As per US electricity think tank Ember, solar power is expected to experience exponential growth across five of Asia’s biggest economies, positioning the region to become a global hub of solar power. Ember made the revelation after an analysis of existing national power sector development plans across China, Japan, Indonesia, India and the Philippines.
Findings of the Analysis
The analysis finds that solar capacity will grow significantly across the region, with an average of 22% growth each year across the five economies, with the fastest growth rates expected in Indonesia and the Philippines. China, currently, has a goal to install a total of 1,200 GW of wind and solar by 2030.
While it does not have an isolated goal for its future solar capacity additions, solar power has accounted for a 50% share of capacity additions on average between 2012 and 2021.
Based on this decadal trend, and its current capacity additions, Ember’s Muyi Yang, Asia Senior Electricity Policy Analyst, said, “China could reach a total capacity of at least 600 GW of solar by 2030. We believe this to be a cautious estimate, as some analysts estimate that China could reach its 1200 GW wind and solar goals as soon as 2026.”
Indonesia’s Solar Capacity
Indonesia is looking to add 4.68 GW of solar capacity by 2030. Currently, Indonesia’s share of solar electricity generation is less than 0.2% and it is the lowest rate of any country in the G20.
If implemented to its target, this would mean that Indonesia would have built 25 times more capacity than the current level (180 MW).
Isabella Suarez, Southeast Asian energy analyst at the Centre for Research on Energy and Clean Air (CREA), said, “There is a clear need to tap into their massive solar potential to rapidly transition away from a costly fossil fuel-dominated energy mix. Their current 5GW target is far below what the country is capable of.”
The Road Ahead
While the latest power development plan (RUPTL 2021-2030) shows a significant increase for solar leading to 2030, it is still significantly below its 200,000 MW of solar potential.
According to the Government’s roadmap toward Net Zero Emission (NZE) by 2060, new power capacity by 2030 will come exclusively from renewable energy, and starting 2035, power generation will be dominated by Variable Renewable Energy (VRE) in the form of solar power, followed by wind and ocean currents in the following year.
Ember’s Achmed Edianto, Asia electricity analyst, said, “Solar energy should be prioritised as the main energy source in Indonesia’s next power development plan.”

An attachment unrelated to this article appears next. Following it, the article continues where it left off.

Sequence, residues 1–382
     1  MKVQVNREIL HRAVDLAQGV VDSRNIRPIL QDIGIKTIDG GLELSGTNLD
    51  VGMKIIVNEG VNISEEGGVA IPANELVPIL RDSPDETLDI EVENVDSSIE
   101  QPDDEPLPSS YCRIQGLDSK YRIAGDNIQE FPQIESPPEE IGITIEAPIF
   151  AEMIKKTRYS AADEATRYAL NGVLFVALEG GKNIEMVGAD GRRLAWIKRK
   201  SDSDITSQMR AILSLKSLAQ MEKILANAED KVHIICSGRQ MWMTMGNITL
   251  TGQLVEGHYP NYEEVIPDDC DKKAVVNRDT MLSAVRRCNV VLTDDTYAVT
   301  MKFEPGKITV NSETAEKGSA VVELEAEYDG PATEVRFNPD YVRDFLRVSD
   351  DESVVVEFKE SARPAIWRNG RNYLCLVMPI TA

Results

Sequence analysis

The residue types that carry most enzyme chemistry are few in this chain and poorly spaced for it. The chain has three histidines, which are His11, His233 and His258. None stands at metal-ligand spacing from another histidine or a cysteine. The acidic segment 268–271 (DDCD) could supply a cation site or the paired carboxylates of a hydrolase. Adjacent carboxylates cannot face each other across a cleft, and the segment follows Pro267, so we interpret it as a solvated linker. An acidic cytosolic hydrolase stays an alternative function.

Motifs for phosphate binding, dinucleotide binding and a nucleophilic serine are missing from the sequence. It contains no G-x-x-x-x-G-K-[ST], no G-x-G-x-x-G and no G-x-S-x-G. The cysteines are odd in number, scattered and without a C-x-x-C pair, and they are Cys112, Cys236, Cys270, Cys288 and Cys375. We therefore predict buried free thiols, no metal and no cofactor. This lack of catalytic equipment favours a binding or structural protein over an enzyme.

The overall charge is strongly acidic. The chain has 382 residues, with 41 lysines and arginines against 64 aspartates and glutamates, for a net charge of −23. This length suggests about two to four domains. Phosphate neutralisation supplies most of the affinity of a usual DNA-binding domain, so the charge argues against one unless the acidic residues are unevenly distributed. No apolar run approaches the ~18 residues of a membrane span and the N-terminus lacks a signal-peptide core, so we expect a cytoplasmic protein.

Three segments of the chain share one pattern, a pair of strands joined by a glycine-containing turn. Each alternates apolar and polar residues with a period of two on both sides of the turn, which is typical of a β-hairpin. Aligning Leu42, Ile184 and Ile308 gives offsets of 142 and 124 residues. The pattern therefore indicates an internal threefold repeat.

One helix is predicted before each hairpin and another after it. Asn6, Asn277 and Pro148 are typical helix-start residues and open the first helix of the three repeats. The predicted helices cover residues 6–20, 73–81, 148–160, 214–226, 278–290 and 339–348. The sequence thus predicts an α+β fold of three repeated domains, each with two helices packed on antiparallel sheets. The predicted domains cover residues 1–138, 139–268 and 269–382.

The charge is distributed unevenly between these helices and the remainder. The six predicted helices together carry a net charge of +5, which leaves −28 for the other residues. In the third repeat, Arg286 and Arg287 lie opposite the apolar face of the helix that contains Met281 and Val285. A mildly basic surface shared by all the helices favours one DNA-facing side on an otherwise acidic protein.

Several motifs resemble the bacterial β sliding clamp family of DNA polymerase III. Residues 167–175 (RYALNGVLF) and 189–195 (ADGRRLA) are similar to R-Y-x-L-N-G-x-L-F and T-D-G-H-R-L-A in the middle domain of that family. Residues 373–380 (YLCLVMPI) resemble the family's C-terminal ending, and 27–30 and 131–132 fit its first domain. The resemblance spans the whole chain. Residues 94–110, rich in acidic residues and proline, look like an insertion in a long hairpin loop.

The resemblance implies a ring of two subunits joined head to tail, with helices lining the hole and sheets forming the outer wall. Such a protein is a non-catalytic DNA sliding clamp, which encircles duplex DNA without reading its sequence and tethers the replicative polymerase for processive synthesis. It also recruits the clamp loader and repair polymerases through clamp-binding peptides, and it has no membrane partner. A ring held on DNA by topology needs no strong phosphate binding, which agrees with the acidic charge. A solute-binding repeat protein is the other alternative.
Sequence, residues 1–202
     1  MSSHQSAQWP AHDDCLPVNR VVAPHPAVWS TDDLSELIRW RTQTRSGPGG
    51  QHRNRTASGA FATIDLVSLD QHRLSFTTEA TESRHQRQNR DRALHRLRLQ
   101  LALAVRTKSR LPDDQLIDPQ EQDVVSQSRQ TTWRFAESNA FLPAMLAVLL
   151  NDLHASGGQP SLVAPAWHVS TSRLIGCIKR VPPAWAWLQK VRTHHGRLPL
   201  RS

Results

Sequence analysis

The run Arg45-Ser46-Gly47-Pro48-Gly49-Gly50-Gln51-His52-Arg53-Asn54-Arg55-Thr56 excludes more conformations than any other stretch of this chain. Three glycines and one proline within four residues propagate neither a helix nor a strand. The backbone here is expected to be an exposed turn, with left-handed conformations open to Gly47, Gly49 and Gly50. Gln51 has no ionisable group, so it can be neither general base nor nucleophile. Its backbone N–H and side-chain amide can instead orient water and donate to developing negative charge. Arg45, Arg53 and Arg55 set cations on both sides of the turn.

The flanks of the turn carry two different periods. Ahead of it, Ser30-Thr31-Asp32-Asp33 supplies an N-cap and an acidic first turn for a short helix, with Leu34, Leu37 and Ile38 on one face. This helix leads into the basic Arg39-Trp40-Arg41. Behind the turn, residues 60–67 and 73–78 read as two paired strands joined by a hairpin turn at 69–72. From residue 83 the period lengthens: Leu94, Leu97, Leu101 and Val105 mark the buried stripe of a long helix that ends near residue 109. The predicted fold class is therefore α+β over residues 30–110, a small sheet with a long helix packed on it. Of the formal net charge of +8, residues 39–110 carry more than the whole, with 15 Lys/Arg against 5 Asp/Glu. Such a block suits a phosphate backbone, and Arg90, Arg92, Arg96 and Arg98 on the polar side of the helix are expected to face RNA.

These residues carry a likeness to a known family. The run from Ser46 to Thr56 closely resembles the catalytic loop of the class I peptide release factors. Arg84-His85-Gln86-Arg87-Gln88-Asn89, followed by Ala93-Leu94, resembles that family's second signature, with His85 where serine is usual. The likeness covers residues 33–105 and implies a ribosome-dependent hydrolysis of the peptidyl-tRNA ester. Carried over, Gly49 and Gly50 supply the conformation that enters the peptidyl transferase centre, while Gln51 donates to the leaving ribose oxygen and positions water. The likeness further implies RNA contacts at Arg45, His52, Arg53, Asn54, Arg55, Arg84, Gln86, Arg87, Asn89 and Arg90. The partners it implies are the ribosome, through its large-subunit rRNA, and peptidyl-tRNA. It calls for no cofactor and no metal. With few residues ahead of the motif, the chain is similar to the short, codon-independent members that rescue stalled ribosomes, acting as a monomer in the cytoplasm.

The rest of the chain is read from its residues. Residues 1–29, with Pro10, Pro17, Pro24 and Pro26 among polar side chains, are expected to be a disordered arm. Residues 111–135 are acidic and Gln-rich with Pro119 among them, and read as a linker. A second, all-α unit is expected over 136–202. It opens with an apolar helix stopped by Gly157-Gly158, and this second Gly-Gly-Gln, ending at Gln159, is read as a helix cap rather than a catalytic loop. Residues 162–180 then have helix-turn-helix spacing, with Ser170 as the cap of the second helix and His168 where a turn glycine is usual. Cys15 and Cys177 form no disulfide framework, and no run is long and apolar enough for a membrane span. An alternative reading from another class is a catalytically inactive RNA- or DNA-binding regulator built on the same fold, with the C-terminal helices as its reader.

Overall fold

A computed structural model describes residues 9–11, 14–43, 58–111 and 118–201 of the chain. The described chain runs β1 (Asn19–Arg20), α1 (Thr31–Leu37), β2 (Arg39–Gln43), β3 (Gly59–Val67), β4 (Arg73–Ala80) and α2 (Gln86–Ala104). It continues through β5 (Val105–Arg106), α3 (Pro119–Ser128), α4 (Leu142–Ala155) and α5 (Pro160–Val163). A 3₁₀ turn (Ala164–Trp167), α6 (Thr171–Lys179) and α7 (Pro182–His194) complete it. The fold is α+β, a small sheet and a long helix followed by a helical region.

Philippines’ Ambitious Solar Plans
The Philippines, at the same time, has had a high ambition for solar. In 2019, the Philippines legislated officialised plans to add 18 GW of solar by 2030, and Solar Philippines hopes to surpass the 10 GW mark by 2025. If achieved, the 2030 mark would be almost 12 times more than the current level (1,370 MW).
The new administration also seems set on reviewing several key policies on energy systems planning and management, which will be crucial in ensuring that solar not only gets built quickly, but the grid can adjust and benefit from the potential influx of affordable and clean solar power generation.
Isabella Suarez revealed, “The Philippines is certainly on track to meet its target with all 18 GW of its 2030 target already accounted for in the proposed project pipeline.”
India’s 2030 Goals
India is planning to reach 300 GW of solar power by 2030, a six-fold increase on current levels. If achieved, it would make it home to one of the world’s largest solar fleets by the end of the decade.
According to Ember’s state-by-state analysis conducted in April, India added a record 14 GW of new solar capacity in the 12 months leading up to March 2022, beating its previous record of 9.4 GW installed in 2018. India has established a good track record on solar capacity additions and is well-positioned to make a sprint towards its target of 300 GW by 2030, with increased private sector buy-in.
Ember’s Aditya Lolla, Asia senior electricity policy analyst, shared, “In the last few years, India saw an increasing number of private power generators committing to their own RE targets, with most of them especially bullish on solar.”
Headwinds on the Way
A key challenge for managing this expansion will include investments in grid stabilisation and energy market reform. Already home to some of the lowest cost of solar power in the world, India now needs comprehensive policy reform to benefit from rooftop-solar’s expansion.
Norman Waite, energy finance analyst at the Institute for Energy Economics and Financial Analysis (IEEFA), said, “This cost element will be critical to realising India’s solar potential in the short term. We’d hope the recent volatility in energy prices leads to a redoubled effort to improve the quality of the country’s grid and increase utility scale solar power generation.”
While Asia’s growing energy demand has often been framed through the lens of its coal, gas or nuclear dependence, solar power is growing rapidly across the region. With further investments in energy storage and policy support to manage grid stabilisation, solar is well positioned to become a core part of Asia’s energy future.